In 1909, with family and town backing, the Bishop sons started up an idle mill in Pendleton, Oregon.
The town of Pendleton, a major railhead serving the Columbia Plateau, was a wool shipping center for sheep growers of the region. The mill, originally built in 1893, began as a wool scouring plant, which washed the raw wool before shipping. Due to increased freight tariffs on the shipment of scoured wool, the business soon became unprofitable.
In 1895, the scouring plant was enlarged and converted into a woolen mill which made bed blankets and robes for Native Americans. This venture also failed and the mill went idle. In 1909, the Bishops opened the facility and constructed a new, more efficient mill building with aid of a local bond issue. In September of that year, the first products emerged from the new finishing department and the tradition of Pendleton Woolen Mills began.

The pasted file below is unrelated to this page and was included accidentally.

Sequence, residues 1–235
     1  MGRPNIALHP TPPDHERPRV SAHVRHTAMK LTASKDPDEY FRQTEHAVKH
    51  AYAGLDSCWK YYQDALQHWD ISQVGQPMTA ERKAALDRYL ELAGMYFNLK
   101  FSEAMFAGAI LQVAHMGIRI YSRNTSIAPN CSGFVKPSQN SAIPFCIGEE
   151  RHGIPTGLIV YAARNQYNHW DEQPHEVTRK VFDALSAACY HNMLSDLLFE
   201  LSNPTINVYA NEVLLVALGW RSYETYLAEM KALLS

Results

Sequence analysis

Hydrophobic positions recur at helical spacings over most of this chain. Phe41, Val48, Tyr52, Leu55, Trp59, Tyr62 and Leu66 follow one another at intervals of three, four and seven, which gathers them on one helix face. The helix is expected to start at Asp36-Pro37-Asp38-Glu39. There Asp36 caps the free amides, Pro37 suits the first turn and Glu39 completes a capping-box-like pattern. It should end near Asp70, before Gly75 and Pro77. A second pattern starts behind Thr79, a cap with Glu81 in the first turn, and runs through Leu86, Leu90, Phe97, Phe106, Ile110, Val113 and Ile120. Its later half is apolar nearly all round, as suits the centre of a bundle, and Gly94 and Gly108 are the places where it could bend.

Today the mill stands on the same foundation as it did in 1909, but has added a retail operation along with investments in state-of-the-art technology.